Dust devils are a common feature on the Martian surface, but seeing one of these extraterrestrial whirlwinds in action through the eyes of a Mars rover is a special joy.
ANALYSIS: Dust Devil 'Swarm' Races Across Martian Plain
Seen here is a picture-perfect scene from the rim of Endeavour Crater, including rover tracks, fascinating Mars geology and an awesome atmospheric phenomenon.
NASA's Mars rover Opportunity was busy navigating its way up the north-facing slope of "Knudsen Ridge," which is bordering the southern edge of "Marathon Valley." This region is of interest to planetary scientists as orbital measurements suggest the presence of clays. These minerals were created through chemical processes with ancient surface water, so rover scientists are keen for Opportunity to study them in the hope of unraveling more mysteries of Mars' wet past.
But along the way, on March 31, Opportunity was looking back at its tracks rolling up Knudson Ridge to see the impressively-formed dust devil swirling in the valley below.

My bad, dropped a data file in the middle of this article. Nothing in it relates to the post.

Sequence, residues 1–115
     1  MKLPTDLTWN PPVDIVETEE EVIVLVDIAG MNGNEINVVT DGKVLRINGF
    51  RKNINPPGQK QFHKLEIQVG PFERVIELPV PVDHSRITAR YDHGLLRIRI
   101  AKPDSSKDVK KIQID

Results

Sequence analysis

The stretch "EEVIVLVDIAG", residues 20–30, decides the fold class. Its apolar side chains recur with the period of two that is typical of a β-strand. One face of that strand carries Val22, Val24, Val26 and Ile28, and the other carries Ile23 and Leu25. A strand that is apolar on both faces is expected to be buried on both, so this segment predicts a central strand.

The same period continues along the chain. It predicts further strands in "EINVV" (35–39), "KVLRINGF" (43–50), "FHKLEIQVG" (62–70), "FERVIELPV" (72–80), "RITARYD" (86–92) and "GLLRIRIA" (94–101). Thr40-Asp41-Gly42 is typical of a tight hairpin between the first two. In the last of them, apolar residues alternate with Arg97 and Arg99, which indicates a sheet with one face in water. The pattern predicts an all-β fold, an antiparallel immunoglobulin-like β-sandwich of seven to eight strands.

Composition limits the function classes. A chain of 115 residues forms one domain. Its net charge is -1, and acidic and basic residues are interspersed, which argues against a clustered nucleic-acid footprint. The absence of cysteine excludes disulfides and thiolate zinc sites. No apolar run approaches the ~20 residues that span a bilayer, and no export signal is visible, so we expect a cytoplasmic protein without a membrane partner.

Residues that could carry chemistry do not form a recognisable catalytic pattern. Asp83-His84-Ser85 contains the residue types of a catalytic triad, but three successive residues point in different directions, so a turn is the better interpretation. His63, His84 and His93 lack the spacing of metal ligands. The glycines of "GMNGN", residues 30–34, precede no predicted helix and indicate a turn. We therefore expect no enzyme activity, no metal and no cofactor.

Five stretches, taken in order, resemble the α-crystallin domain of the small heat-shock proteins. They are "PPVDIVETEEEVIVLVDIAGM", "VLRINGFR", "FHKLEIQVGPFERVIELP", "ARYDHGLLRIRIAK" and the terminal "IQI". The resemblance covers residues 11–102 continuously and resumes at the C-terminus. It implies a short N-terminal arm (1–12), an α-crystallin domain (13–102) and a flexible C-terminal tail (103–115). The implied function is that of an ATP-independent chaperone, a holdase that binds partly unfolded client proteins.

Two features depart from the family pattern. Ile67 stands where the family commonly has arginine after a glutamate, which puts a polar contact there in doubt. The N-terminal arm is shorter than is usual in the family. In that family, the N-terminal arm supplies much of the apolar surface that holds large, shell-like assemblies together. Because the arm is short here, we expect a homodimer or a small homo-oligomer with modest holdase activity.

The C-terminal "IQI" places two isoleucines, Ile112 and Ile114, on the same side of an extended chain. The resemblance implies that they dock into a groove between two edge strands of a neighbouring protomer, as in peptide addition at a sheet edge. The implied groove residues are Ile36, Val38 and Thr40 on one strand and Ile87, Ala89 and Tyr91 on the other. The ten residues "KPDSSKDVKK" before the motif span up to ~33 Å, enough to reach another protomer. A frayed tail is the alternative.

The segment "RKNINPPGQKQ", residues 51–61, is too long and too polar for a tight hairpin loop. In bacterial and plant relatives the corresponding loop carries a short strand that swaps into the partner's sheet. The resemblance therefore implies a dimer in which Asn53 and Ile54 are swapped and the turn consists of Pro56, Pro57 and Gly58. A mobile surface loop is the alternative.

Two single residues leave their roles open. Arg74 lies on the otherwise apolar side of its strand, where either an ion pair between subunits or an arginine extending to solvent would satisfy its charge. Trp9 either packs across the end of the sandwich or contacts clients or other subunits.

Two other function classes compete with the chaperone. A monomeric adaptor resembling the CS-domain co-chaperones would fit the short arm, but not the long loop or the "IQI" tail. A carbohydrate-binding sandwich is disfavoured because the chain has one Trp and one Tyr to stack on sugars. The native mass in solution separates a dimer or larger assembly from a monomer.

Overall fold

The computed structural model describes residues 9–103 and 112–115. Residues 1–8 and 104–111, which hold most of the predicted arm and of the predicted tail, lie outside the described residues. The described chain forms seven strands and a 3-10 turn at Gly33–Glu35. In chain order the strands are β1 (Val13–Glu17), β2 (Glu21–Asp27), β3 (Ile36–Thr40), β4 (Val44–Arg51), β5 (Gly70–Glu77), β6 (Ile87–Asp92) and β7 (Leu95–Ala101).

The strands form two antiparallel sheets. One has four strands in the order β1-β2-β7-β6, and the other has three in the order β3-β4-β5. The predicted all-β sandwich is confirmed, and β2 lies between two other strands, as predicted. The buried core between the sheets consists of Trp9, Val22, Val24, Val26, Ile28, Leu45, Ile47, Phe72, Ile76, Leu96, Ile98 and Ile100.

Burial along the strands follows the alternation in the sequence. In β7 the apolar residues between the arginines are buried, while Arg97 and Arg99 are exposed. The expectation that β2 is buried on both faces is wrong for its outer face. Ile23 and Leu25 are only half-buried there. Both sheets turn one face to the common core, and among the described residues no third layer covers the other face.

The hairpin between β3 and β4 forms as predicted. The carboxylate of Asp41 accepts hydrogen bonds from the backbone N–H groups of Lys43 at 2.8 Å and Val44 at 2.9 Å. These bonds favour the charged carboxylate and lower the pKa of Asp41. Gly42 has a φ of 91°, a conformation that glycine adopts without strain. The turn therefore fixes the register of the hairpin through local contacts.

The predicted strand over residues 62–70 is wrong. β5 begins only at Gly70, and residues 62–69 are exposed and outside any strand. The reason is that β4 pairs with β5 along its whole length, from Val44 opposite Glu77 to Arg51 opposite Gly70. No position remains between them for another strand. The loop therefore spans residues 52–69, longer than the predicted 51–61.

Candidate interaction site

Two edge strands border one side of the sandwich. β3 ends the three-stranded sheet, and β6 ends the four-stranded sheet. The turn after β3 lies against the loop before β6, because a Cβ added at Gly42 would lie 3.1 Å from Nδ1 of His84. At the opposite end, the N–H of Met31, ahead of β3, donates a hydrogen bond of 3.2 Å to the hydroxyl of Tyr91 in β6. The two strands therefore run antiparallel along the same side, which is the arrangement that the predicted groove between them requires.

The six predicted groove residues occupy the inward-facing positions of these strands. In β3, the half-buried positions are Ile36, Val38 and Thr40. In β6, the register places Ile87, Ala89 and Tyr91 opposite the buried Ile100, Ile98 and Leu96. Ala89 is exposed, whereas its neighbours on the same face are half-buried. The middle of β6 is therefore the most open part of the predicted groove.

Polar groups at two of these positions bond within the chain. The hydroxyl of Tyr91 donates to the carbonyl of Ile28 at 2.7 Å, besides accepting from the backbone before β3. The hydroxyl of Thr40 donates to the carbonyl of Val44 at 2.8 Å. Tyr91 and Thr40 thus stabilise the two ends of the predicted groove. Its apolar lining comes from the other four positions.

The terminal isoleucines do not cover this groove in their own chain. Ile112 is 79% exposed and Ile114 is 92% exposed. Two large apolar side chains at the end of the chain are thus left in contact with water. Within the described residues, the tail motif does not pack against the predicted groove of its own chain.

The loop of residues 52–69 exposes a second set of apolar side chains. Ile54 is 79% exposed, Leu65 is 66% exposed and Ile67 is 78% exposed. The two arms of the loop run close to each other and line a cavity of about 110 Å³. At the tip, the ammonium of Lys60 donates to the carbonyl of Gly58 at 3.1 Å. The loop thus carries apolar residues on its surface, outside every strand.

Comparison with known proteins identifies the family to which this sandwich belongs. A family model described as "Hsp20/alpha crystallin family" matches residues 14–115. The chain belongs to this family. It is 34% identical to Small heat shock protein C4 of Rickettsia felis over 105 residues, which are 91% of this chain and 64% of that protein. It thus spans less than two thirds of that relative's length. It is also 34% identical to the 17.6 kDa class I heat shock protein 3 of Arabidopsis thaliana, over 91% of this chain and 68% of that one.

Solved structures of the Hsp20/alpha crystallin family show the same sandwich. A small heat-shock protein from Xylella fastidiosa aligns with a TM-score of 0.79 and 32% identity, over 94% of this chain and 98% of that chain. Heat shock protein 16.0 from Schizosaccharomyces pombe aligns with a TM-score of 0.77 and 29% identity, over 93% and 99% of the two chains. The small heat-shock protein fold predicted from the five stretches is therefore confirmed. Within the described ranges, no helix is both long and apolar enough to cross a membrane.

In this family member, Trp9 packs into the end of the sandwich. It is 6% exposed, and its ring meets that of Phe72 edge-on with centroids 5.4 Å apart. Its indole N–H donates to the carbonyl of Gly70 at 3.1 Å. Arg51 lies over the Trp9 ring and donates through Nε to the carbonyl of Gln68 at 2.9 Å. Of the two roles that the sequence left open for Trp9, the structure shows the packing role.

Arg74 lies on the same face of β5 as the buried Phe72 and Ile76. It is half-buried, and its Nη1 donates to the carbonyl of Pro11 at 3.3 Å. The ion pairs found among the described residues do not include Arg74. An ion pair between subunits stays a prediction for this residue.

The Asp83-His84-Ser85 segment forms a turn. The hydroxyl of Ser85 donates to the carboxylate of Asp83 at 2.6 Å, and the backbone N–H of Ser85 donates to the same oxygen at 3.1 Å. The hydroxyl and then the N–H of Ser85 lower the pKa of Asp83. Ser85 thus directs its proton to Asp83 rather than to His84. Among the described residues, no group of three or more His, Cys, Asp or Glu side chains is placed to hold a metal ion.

PHOTO: Dust Devils Rip Up Mars' 'Etch A Sketch' Surface
Opportunity hasn't seen many dust devils in its 12 years on the Martian surface. Its sister rover Spirit, however, was intimately familiar with these atmospheric phenomena at its area of study in Gusev Crater. But since Spirit became stuck in a sand trap and lost communication with Earth in 2010, we've mainly seen these whirling dervishes, and the dark tracks they create, through the lens of the High-Resolution Imaging Science Experiment (HiRISE) camera on board NASA's Mars Reconnaissance Orbiter (MRO).
Dust devils on Mars form in much the same way they do on Earth. A thin layer of air above the ground gets heated by sunlight and starts to rise. This air starts to rotate, creating a small pocket of low pressure, eventually creating a rapidly-spinning vortex. This vortex "sucks up" dust from the surface, revealing darker material underneath. It is believed that, in Mars' thin atmosphere, these dust devils carry out an important role in dust cycling, shaping the global climate of the Red Planet.
NEWS: Dust Devils' Powerful Updrafts Could Drive Mars Climate
Interestingly, these mini-tornados, that can span hundreds of meters in altitude, perform a very important role in the operations of solar powered surface missions. Occasionally they may spin over the solar panels of Opportunity, creating a "cleaning event," blowing away the accumulation of dust and giving the veteran robot explorer a critical power boost.